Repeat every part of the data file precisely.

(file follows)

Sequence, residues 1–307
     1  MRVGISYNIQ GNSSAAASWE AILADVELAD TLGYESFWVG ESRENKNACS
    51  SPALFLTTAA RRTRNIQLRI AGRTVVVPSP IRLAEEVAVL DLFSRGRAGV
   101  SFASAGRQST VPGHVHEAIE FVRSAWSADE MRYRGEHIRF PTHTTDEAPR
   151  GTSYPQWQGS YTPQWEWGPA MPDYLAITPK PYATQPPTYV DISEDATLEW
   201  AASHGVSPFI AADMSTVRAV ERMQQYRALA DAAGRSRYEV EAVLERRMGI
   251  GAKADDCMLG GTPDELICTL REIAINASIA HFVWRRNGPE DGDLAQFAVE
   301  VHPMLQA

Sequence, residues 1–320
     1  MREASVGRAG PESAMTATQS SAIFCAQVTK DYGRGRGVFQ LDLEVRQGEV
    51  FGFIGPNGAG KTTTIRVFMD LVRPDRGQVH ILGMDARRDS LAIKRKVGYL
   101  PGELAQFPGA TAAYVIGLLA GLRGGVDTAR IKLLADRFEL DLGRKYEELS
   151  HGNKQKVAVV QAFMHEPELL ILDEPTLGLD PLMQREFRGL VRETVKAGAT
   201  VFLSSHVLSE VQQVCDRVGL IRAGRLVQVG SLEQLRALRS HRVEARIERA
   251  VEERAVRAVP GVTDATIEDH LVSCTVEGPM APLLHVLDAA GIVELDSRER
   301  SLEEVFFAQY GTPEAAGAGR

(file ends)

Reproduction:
Sequence, residues 1–307
     1  MRVGISYNIQ GNSSAAASWE AILADVELAD TLGYESFWVG ESRENKNACS
    51  SPALFLTTAA RRTRNIQLRI AGRTVVVPSP IRLAEEVAVL DLFSRGRAGV
   101  SFASAGRQST VPGHVHEAIE FVRSAWSADE MRYRGEHIRF PTHTTDEAPR
   151  GTSYPQWQGS YTPQWEWGPA MPDYLAITPK PYATQPPTYV DISEDATLEW
   201  AASHGVSPFI AADMSTVRAV ERMQQYRALA DAAGRSRYEV EAVLERRMGI
   251  GAKADDCMLG GTPDELICTL REIAINASIA HFVWRRNGPE DGDLAQFAVE
   301  VHPMLQA

Sequence, residues 1–320
     1  MREASVGRAG PESAMTATQS SAIFCAQVTK DYGRGRGVFQ LDLEVRQGEV
    51  FGFIGPNGAG KTTTIRVFMD LVRPDRGQVH ILGMDARRDS LAIKRKVGYL
   101  PGELAQFPGA TAAYVIGLLA GLRGGVDTAR IKLLADRFEL DLGRKYEELS
   151  HGNKQKVAVV QAFMHEPELL ILDEPTLGLD PLMQREFRGL VRETVKAGAT
   201  VFLSSHVLSE VQQVCDRVGL IRAGRLVQVG SLEQLRALRS HRVEARIERA
   251  VEERAVRAVP GVTDATIEDH LVSCTVEGPM APLLHVLDAA GIVELDSRER
   301  SLEEVFFAQY GTPEAAGAGR